An Introduction to a ‘Practical Guide to Life with FA’
My name is Christina Logan, and doctors diagnosed me with the rare neuromuscular disorder Friedreich’s ataxia at the age of 21.
I grew up in Holland, Pennsylvania, with my dad, mom, sister (Catherine), and brother (Matthew). I was very active in the music community and participated in choir, the marching band, and the orchestra. These three musical groups led to lifetime friendships and gave me a sense of belonging. My family supported me in everything by attending every football game, performance, and seasonal concert. Love, guidance, and support always surrounded me.
When I was a junior in high school at 17 years old, it was getting harder and more tiring to rehearse for each of the three musical groups after school. I would become fatigued easily and lose my balance frequently. My family and friends didn’t think much of it. They just thought I was a clumsy teenager!
After graduating high school, I decided to pursue my career goals and attend Johnson & Wales University’s College of Hospitality Management in Providence, Rhode Island. I was nervous about moving five hours away, but I knew I still had a great support system at home, only a phone call away. Throughout college, my balance worsened, and I noticed changes in my speech. Something didn’t feel right.
The road to Friedreich’s ataxia
During college breaks at home, my family and I went to local hospitals. After four years and four different hospitals, along with numerous doctors and multiple unanswered questions, I was finally diagnosed with FA at Johns Hopkins University on April 20, 2011.
I went through numerous tests, including the neurological FARS exam (walk in a straight line, follow a finger, check for reflexes, etc.), an electroshock test on my legs, and genetic blood testing (my parents are both carriers of the FA gene).
I remember the doctor saying to my family something like, “The good news is that you have Friedreich’s ataxia since it is the mildest form of ataxia, and the bad news is that you have Friedreich’s ataxia because there is no treatment or cure.” It was scary and a lot to take in, but my family and I knew that we could get through this together.
I did not let FA affect me. I got involved in the FA community in Rhode Island, graduated from college, and within a few months, I moved into the city of Philadelphia and landed my first job in the hotel industry.
Fast forward to today
My family and I have a better understanding of my diagnosis, and we are very fortunate to see and have Dr. David Lynch right in our “backyard” at the Children’s Hospital of Philadelphia. My progression is slow; I am classified as mild to moderately affected. Walking and fatigue are my constant battle, but using my rollator has been eliminating that. I am thankful not to have any cardiac, hearing, or vision concerns.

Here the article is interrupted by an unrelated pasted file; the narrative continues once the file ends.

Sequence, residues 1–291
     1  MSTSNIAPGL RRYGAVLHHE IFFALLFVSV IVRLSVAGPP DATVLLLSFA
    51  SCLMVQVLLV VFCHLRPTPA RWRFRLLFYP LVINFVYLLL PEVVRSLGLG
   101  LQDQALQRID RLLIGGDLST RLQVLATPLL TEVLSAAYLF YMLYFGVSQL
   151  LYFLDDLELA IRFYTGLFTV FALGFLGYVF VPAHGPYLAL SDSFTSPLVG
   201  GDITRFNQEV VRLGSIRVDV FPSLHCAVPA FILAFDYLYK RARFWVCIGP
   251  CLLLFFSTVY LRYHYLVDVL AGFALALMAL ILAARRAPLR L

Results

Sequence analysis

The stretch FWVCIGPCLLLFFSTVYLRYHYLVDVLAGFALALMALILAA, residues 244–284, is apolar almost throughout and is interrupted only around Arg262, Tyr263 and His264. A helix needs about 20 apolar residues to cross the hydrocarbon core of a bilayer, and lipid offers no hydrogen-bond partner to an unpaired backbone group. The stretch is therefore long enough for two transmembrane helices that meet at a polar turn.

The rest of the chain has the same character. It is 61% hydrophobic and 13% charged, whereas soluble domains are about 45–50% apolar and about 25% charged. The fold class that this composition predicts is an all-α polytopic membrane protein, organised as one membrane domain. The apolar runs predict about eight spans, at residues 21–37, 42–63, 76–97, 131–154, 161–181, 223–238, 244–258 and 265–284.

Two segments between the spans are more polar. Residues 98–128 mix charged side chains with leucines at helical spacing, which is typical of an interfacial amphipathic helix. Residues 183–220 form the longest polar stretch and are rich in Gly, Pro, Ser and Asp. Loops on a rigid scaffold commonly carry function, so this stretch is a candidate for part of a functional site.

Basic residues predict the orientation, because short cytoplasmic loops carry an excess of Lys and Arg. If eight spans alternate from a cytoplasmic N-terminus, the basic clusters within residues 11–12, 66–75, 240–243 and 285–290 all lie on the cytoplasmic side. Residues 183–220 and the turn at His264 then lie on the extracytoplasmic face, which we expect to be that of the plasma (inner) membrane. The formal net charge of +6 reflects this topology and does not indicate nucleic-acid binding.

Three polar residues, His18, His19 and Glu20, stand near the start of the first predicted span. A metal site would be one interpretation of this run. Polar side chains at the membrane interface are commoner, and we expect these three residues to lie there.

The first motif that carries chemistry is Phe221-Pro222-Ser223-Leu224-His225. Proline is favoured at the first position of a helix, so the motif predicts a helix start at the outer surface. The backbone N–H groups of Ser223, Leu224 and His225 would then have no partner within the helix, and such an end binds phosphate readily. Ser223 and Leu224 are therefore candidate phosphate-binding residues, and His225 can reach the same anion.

My brother Matthew was recently diagnosed with Friedreich’s ataxia, but does not show any symptoms and may never, according to Dr. Lynch. The doctor only thought of testing him for FA because of his scoliosis and my FA.
I have completed three clinical trials and two studies. I am very involved in the FA community as a strong advocate and was a Friedreich’s Ataxia Research Alliance (FARA) Ambassador. My family hosts a grassroots event, the 5K Mother’s Day Race for Christina, and rides as Team Christina every year at rideATAXIA Philly. I do this all for my brother and those affected by the disease to ensure a treatment or cure will be discovered in our lifetime.
I am now 27, have just completed my master’s degree in business administration via the online program from Johnson & Wales University, and am engaged to my loving, supportive, and wonderful fiancé, Justin.
I strive to live a full and independent life without letting my diagnosis get in the way! I am pursuing my career goals by working at the prestigious Bellevue Hotel, a part of the Unbound Collection by Hyatt, and I will marry the man of my dreams this October. I am so excited to see what this next chapter of life brings!
My column, “A Practical Guide to Life with FA,” is designed to be a resource for FA patients and their families and caregivers. I will cover various topics including tips and how-tos for everyday adaptations, and the challenges one may face in their diagnosis. For example, I may write about using public transportation, transitioning from walking to a wheelchair, and making a home accessible, among other things.
I hope to bring comfort and peace to the FA community by sharing my experiences with these topics on my diagnosis journey. I also hope my topics will create an open environment for people to post comments, experiences, and questions.
Friedreich’s Ataxia News is strictly a news and information website about the disease. It does not provide medical advice, diagnosis or treatment. This content is not intended to be a substitute for professional medical advice, diagnosis, or treatment. Always seek the advice of your physician or another qualified health provider with any questions you may have regarding a medical condition. Never disregard professional medical advice or delay in seeking it because of something you have read on this website.